Indrapramit: You have mentioned elsewhere that for the past so many years your work deals with the idea of transience or impermanence. This is of particular interest to me…

V.Ramesh:As I am never tired of proclaiming, it was a serendipitous visit to Ramanashramam in1998 that acted as a catalyst in changing the direction and nature of my work. I saw a different facet of life and that made me introspect. After that I came back to oils and started working on large scale again. This eventually grew into the show called “A Thousand and One Desires”. I tackled the idea of desire, of greed, of avarice… sentiments that were totally absent in the ashram. You might say I started at the wrong end of the scale but that’s how it was. The nineties and the beginning of the new millennium were very fraught times in this country.

Indrapramit: Every time I encounter your painting I get the feeling that here is an artist contemplating what has almost become an anathema in our brazen times, that you are actually touching upon some very fundamental questions about the nature of life, love, body, lust, spirituality, death and some such profound issues.

V.Ramesh: I look at it as a contemporary human being’s search for the unity underlying the disparate elements of the world. You might call it the reality beyond the surface; a search for truth that lies beneath the ever-accelerating flux of today’s world that became my own quest.

Indrapramit:  Do you feel that the increasing marginalization of painting in the discourse of contemporary art has something to do with your subtle, nuanced and painstaking manner of painting, or do you feel the whole question regarding the role of painting, admittedly the old media, is superfluous?

V.Ramesh: The ability to draw the viewer within, through this state of flux, through its layers of paint and images, to be able to transcend these outwardly seen and perceived phenomena, one has to adopt strategies and improvise modes of expressions. I still believe in the validity of painting – it is a sacrosanct space. The day it does not feel that way I would be the first one to abandon painting.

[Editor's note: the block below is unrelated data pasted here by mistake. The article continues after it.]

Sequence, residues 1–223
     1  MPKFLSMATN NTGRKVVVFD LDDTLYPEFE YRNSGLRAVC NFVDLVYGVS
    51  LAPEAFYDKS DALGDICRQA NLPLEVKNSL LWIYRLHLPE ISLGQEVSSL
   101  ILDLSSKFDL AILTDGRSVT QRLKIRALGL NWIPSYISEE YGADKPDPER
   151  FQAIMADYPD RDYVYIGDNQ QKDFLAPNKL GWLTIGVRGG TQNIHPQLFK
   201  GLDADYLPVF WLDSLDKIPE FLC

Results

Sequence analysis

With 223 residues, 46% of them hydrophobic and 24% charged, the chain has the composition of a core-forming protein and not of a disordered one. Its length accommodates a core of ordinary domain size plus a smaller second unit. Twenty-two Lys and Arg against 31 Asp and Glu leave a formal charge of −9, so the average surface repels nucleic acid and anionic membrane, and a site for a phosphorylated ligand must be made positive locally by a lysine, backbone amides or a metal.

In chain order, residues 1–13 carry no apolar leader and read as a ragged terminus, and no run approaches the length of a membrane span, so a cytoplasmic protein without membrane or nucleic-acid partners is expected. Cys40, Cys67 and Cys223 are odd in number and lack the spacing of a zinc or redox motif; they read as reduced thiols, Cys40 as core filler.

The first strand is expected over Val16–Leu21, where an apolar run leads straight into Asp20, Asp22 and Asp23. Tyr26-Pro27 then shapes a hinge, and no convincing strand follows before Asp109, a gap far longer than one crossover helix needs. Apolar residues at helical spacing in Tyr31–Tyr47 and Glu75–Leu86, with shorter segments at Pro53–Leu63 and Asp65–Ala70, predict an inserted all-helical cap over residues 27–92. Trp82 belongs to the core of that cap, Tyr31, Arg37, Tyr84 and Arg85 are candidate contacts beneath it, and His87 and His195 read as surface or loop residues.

Indrapramit: How did you get interested in Bhakti poetry and the poets?

V.Ramesh: For quite some time Bhakti or Devotion was singled out as the leitmotif in my work – not merely as an underlying unseen presence, but something that could be felt as an emotional exaltation. In the beginning when I was attempting to find an appropriate language and devising strategies to find an equivalency to this emotional exaltation, I found there were really no immediate precedents. In a way it was convenient to appropriate the voices of these poets and use them in my work.

Indrapramit: You have been teaching since 1985 nearly for 29 nine years. How do you feel it has impacted your work over the decades?

V.Ramesh: Teaching has taught me to be patient, as well as to have a sense of humility and effacement of one’s ego, especially when it comes to presuming that one knows almost everything as a teacher. You realize that is not the case and that is a humbling experience. You are not really filling an empty vessel but mentoring people to find their own voices. So, all these qualities I think have stood me in good stead when it came to my own work.

(Indrapramit Roy is an artist who teaches painting at the Faculty of Fine Arts, MSU of Baroda and knows V.Ramesh since 1989)